“Every valley shall be lifted up, and every mountain and hill be made low;
the uneven ground shall become level, and the rough places a plain.”
The Annunciation has happened and slowly word begins to spread. You can almost see the whispers in the night spreading out beyond Bethlehem town. The rumours are true. The wisemen, the magi, the sheep and the goats, all hear of the coming of the messiah. Things have begun looking clearer. The signs foretold have begun to appear. The scriptures, the history of the people, foretell Jesus’ incarnation. Hope fills hearts.
Over time one’s discernment gains clarity. The signs in our prayer, feelings, emotions, and experiences begin to solidify and point toward something. They prepare the way to a committed choice. But we may not know quite yet. As the prophet says, things are becoming more even. The rough places are becoming smoother. John the Baptist had the purpose of preparing the way for this hope that was the messiah. But John’s followers and those who heard about him were trying to discern whether he was the messiah. Can you blame them? They had yet to meet Jesus. What were the signs they saw? It was John who was preaching this good news of the messiah’s coming, the baptism of the Holy Spirit.
Making choices requires a weighing of the signs before us. Jesuits talk about tensions, in ministry, in the Church, in all kinds of situations. These tensions though are good, it means we are holding things at a balance, in freedom. We experience tensions in our discernment that pull one way or the other. The key is understanding what these things mean. First, consolation and desolation:
- Consolation – This can be described as a feeling of moving toward God. Our hearts are lifted and there are feelings of peace, goodness, and positive energy. Consolation does not always mean happiness. For example, if a loved one dies we may feel sorrow but experience consolation from the support of people around us. Consolation again is any feeling that helps us feel closer to God.
- Desolation – This can be described as a feeling of moving away from God. We move toward inward self-seeking behaviours. We may feel drained of energy, on edge, confused, and seemingly cut off from the love of God. These are times when our consciousness pings us that something’s not right.
|>> More on consolation and desolation here.
When doing discernment exercises, as noted in last week’s post, it’s important to note feelings of consolation and desolation. Consolation is good.
And what about other things that sway us? The bible talks all about false gods. 1 John 4 says, “Beloved, do not believe every spirit, but test the spirits to see whether they are from God; for many false prophets have gone out into the world.” Ignatius believes truly that good and evil are real forces that are continually acting on our lives. Our discernment of these “spirits” are a way of preparing us for coming to a decision. Here are a few examples of what Ignatius says about the good spirit and the evil spirit:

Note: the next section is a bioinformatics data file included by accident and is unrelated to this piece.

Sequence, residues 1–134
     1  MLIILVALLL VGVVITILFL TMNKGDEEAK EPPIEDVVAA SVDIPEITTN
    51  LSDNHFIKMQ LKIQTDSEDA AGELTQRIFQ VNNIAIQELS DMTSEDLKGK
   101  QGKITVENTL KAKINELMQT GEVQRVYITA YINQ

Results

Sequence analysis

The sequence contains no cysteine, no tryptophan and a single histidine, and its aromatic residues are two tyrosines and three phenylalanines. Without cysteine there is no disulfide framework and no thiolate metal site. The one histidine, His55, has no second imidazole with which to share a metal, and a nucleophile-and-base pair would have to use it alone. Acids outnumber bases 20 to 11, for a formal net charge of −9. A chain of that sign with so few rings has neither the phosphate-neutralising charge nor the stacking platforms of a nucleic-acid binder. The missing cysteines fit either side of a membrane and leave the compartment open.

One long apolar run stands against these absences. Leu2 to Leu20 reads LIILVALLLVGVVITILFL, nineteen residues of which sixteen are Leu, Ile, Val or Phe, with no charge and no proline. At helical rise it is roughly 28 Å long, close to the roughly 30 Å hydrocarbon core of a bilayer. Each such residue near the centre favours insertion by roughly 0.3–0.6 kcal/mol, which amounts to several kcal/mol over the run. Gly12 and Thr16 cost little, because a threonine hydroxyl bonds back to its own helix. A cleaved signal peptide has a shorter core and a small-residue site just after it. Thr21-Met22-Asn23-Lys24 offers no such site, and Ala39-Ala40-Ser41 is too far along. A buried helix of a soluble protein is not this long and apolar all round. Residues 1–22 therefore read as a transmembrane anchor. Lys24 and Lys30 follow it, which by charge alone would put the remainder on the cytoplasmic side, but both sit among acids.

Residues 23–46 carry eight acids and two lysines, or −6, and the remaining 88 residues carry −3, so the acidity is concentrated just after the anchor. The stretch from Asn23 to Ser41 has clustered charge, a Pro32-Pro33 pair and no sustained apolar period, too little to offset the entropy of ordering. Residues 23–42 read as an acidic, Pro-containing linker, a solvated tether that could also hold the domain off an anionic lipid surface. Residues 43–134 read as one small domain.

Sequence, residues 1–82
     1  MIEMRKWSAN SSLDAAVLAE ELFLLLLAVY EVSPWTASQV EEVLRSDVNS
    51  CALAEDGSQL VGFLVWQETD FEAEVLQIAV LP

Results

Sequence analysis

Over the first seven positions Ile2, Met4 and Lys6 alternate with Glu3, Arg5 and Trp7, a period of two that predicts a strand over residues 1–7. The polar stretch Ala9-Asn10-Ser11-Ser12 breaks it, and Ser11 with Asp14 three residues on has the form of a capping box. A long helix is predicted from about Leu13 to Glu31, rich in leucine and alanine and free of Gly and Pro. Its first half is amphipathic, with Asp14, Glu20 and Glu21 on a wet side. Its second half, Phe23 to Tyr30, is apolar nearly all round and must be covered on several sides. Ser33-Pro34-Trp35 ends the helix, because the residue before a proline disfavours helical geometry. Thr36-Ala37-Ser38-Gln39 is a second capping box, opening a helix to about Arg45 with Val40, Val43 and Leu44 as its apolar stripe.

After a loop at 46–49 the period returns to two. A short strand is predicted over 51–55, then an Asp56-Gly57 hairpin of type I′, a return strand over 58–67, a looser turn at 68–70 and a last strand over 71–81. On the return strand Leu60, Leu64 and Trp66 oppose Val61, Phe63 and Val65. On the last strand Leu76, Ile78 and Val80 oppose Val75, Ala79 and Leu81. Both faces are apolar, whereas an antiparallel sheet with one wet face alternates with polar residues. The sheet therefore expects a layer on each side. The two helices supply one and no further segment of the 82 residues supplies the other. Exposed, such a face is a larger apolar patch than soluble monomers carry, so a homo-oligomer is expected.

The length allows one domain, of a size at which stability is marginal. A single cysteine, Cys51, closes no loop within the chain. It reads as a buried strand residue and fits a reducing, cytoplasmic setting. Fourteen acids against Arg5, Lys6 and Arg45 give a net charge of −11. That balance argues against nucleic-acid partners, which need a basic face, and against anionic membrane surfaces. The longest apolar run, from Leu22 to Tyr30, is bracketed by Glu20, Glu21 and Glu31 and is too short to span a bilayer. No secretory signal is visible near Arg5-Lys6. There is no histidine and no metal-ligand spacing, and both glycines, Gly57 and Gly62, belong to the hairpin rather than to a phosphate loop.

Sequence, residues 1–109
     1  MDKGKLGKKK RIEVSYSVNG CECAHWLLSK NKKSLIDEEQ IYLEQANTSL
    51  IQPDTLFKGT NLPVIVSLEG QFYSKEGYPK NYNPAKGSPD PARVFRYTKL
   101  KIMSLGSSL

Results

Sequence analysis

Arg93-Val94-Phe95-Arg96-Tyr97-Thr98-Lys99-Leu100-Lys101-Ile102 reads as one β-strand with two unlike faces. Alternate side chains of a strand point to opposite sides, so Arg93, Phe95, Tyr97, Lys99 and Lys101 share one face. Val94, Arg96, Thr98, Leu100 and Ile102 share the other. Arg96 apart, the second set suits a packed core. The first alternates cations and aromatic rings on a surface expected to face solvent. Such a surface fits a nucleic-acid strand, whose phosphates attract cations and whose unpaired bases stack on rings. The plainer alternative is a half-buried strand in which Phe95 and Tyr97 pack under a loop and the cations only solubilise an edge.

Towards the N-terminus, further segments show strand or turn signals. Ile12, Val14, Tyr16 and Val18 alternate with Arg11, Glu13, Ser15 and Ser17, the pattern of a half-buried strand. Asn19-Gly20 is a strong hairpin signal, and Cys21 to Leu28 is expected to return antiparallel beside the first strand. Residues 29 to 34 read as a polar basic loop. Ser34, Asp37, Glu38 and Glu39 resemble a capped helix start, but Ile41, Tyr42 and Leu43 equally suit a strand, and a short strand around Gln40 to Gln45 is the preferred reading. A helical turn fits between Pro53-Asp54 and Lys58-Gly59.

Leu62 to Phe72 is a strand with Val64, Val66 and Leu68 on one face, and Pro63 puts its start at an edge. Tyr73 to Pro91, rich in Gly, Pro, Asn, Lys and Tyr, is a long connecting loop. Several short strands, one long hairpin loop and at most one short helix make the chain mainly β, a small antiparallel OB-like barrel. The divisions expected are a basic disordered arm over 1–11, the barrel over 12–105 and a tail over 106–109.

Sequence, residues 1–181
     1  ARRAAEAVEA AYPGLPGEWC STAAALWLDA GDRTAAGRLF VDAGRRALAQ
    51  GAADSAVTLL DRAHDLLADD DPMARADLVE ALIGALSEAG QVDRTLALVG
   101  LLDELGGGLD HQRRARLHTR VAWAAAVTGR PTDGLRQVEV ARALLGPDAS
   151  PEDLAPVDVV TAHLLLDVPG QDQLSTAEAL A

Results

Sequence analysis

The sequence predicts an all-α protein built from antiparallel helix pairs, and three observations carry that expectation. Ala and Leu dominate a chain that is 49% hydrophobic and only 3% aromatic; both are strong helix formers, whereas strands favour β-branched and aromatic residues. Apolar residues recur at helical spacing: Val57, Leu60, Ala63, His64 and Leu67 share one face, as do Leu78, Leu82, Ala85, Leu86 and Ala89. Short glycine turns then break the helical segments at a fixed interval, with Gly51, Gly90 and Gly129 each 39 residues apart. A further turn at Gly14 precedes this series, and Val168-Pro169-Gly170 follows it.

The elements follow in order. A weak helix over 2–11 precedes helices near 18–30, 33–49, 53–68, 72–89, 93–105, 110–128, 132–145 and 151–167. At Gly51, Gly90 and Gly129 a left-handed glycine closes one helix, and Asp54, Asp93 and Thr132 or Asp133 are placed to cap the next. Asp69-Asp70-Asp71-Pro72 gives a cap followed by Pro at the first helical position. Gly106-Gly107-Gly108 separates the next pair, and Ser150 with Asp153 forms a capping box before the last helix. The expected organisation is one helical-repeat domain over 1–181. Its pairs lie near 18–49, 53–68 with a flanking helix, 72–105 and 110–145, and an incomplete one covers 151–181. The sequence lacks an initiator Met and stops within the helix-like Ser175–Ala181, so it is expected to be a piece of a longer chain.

- If you’re moving away from God the good spirit will raise doubts and try to change your course. On the other hand, if you’re moving closer to God this spirit will give you peace and reassurance.
- The evil spirit can be disguised as the good spirit, trying to pull you further away from God.
- The evil spirit tries to justify keeping sin, fears, problems, and temptations a secret.
- The good spirit brings secrets into light and leaves nothing hidden.
John the Baptist kept nothing secret. He brought the good news out into the open, a clear sign of the good spirit at work. The Canticle of Zechariah calls this out about John, saying he will be bringing knowledge of salvation and that the dawn of God shall break upon us, “to give light to those who sit in darkness and in the shadow of death, to guide our feet into the way of peace.” (Luke 1:79) In Matthew 11, Jesus speaks to the crowds about John. “What did you go out into the wilderness to look at? A reed shaken by the wind? What then did you go out to see? Someone dressed in soft robes? Look, those who wear soft robes are in royal palaces. What then did you go out to see? A prophet? Yes, I tell you, and more than a prophet. This is the one about whom it is written, ‘See, I am sending my messenger ahead of you, who will prepare your way before you.'” (Matthew 11:7-10)
John was a sign among signs, just like Mary’s angel, or the acts performed by Jesus. But they are just signs, not the truth. They point to the truth and prepare the way. “You will see greater things than these,” Jesus once said. Discernment is filled with signs, requiring us to note the consolation from the good spirit and the desolation from the evil spirit. We know which direction to follow, what is pulling us one way or another. This is what we have at our fingertips and in our hearts to make a choice. God has not abandoned us. The rough places are being made smooth before our eyes.
|More on the discernment of spirits here.
Music: Song of the Baptist, Francis Patrick O’Brien
Podcast music by Kevin MacLeod and audionautix.com